Medical device maker Stryker and other leading manufacturers of metal-on-metal hip implants have received thousands of complaints from both doctors and patients that their devices, including the Stryker LFIT, are defective and prone to high rates of failure.
According to the Centers for Disease Control and Prevention (CDC), more than 300,000 Americans undergo total hip replacement every year. The surgery alleviates pain and helps the individual regain lost mobility, but many patients who receive metal-on-metal hip devices experience serious complications and must undergo painful revision surgery to replace the failed device. Many of these patients have turned to lawsuits to seek compensation for their injuries.
Concerns about Stryker LFIT Hip Prompt Alert to Surgeons
In August 2016, Stryker sent a safety alert to orthopedic surgeons to warn that the Stryker LFIT metal hip implant components could cause serious injuries. Stryker’s notification explained the dangers associated with particular sizes of the Stryker LFIT metal hip implant manufactured before 2011.
Government health regulatory agencies in both Canada and Australia have issued major safety announcements to doctors and patients about the high rate of failure among Stryker LFIT metal hip implant. The Canadian government went as far as to issue an official recall of these components, citing “higher than expected complaints of . . . failure.”
Stryker LFIT Metal Hip Implant Complications
Stryker has marketed hip replacement devices like the Stryker LFIT metal hip with the promise that the metal components offer increased durability and shorter recovery times compared to hip devices made from ceramic or plastic materials. Durability is an important consideration in choosing a hip replacement device so patients can avoid repeat surgeries.
An increasing number of people are choosing to have a hip replacement when they are still in their forties or fifties. Many of these people have found their daily or leisure activities limited by hip pain and reduced mobility and they are turning to surgery for a solution. For some of these adults, hip replacement lets them continue to participate in sports and athletics. For others, mobility may be crucial to their ability to continue working.
If a hip device lasts about 15 years, a patient who gets a first hip implant in his or her 40s or 50s is likely to undergo repeat replacement two or even three more times. Unfortunately, once a defective hip like the Stryker LFIT is implanted, the metal components rubbing against each other during movement can release minute metal debris in the patient’s bloodstream and the tissue surrounding the joint. Patients can experience painful and dangerous complications, including:
- joint pain
- difficulty walking
- loosening of the joint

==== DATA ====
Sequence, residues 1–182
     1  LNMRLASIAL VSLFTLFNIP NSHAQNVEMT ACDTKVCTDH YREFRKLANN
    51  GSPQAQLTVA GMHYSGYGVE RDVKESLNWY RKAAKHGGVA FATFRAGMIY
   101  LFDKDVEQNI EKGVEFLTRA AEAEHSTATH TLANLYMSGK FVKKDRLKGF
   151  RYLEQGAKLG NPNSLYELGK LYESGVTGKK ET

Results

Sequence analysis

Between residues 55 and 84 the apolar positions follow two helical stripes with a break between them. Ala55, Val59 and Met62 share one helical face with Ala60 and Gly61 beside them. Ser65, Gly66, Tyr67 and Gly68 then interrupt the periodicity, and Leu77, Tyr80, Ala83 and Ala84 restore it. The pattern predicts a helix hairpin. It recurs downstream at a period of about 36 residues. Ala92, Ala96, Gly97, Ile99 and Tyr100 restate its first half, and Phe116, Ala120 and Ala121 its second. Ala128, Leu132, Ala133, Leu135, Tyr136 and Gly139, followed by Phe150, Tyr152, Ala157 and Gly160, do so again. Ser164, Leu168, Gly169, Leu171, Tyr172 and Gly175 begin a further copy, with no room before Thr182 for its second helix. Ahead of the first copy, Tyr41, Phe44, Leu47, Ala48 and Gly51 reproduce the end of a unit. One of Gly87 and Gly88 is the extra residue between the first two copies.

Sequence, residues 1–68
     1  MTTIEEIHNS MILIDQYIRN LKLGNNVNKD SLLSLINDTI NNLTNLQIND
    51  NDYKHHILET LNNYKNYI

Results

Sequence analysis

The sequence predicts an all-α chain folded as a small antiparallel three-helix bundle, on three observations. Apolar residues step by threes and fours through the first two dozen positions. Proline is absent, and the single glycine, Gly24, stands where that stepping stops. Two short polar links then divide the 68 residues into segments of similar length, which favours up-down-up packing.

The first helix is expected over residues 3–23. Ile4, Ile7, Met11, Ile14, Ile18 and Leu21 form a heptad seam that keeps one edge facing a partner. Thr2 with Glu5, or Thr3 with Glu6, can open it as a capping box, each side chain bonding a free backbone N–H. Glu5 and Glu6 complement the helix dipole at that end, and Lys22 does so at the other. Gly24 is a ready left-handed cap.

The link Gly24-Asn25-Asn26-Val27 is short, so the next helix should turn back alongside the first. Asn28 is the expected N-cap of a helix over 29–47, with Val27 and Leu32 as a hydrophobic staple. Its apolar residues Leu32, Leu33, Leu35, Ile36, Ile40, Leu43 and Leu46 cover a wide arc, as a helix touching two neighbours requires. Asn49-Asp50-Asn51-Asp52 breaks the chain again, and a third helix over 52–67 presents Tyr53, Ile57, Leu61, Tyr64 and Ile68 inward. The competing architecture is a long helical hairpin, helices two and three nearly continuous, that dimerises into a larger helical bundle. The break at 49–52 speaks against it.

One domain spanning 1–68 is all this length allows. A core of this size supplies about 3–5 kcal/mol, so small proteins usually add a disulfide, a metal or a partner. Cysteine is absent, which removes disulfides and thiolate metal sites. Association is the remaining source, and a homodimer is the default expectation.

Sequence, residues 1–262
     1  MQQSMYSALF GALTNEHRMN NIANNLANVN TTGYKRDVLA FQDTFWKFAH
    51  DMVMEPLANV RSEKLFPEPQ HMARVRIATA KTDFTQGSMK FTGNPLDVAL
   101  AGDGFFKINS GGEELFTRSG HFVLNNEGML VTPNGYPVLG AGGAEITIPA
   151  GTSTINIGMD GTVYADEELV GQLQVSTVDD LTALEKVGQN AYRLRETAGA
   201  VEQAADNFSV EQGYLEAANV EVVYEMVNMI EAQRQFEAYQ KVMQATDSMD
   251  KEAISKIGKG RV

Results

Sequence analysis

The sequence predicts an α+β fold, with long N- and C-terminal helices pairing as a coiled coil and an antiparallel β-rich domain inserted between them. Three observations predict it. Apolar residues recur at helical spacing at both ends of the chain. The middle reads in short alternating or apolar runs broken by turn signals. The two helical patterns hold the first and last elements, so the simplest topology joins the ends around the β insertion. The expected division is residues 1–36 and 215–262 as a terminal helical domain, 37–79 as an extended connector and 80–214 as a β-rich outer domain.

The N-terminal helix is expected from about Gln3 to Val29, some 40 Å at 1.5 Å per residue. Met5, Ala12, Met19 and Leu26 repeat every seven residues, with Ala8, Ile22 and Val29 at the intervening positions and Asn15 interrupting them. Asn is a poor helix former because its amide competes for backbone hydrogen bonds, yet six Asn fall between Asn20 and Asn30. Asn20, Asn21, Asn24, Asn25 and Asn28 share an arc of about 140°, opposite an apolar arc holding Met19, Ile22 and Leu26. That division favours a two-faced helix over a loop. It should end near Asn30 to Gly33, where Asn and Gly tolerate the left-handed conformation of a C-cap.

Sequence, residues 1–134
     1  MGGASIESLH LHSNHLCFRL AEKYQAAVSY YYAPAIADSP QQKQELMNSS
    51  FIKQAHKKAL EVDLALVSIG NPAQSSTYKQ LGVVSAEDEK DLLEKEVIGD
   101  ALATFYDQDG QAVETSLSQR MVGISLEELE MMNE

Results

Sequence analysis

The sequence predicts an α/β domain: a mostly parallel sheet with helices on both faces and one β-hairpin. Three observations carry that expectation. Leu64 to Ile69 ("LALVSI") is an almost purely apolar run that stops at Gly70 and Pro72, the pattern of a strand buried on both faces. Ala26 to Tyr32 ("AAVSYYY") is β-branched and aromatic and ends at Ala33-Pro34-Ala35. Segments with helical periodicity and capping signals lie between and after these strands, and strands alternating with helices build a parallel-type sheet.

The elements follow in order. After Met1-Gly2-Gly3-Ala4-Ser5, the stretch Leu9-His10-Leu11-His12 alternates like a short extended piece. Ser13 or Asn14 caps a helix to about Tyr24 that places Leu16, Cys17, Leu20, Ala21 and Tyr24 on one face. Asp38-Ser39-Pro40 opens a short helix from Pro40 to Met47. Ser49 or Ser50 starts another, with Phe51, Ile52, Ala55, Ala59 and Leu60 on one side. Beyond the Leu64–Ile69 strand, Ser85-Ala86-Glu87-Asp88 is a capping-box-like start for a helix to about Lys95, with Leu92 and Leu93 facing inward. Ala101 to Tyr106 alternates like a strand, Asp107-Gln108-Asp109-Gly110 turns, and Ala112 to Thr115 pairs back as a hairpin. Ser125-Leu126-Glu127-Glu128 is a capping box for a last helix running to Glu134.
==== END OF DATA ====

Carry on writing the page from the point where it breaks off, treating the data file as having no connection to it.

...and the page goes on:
- tissue and bone death (bone dissolution)
- fluid in the joint
- metallosis (metal poisoning)
The patient eventually needs revision surgery to remove and replace the failed implant. Revision surgery is often more difficult for the patient because of bone loss and damage to the joint. Recovery time is longer and the results of revision surgery are often less successful than the original surgery because the hip is in worse condition.
Legal Troubles for Stryker
In many of the lawsuits over injuries from defective metal-on-metal hips, plaintiffs allege that the hip devices should have been subjected to rigorous testing before they were allowed on the market. Under current Food and Drug Administration (FDA) device clearance procedures, manufacturers were able to bring many metal-on-metal hips to market under a streamlined approval process. If the manufacturer can claim the device is substantially equivalent to a device already on the market, the company can avoid preapproval clinical testing requirements. Critics of the 510(k) process say all devices should undergo testing because even seemingly minor differences in materials and design can have a major effect on a device’s safety and effectiveness.
This is not the first instance of legal difficulties over a Stryker metal hip. In 2012, the Stryker Rejuvenate and ABG II model hip implants were recalled. Patients who received those devices have reported debilitating pain, crippling tissue and muscle damage, and premature failure of their hip replacement. Stryker Corporation has paid out more than $1 billion in settlement payments to patients harmed by Rejuvenate or ABG II devices.
Help for Victims of Failed Stryker Hip Implants
If you or someone you know has experienced complications from a Stryker LFIT metal hip implant or has needed hip revision surgery, the experienced hip-injury attorneys at Parker Waichman LLP are available to help determine if you are entitled to compensation for your injuries. Contact the firm today for a free, no obligation evaluation. Fill out the online form or call 1-800-YOURLAWYER (1-800-968-7529).